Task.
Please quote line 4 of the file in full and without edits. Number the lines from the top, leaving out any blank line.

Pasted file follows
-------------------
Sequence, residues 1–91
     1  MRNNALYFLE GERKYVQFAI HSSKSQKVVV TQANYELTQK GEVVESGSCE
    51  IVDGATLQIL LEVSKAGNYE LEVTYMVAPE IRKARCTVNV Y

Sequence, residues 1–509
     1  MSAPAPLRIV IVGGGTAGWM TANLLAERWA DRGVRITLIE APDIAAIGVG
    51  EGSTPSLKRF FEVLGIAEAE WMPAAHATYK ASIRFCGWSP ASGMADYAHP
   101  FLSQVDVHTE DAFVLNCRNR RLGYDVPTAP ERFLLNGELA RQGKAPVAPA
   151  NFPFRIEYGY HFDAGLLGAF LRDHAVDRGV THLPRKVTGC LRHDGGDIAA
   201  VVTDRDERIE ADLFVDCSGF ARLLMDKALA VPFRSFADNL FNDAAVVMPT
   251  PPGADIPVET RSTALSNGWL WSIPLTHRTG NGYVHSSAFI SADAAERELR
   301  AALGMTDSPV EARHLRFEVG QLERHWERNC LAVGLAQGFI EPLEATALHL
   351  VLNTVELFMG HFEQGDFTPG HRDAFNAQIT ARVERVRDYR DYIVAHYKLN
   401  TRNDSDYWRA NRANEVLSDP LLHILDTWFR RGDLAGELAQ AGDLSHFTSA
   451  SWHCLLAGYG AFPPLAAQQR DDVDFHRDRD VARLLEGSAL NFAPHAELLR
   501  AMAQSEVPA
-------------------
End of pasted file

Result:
Sequence, residues 1–509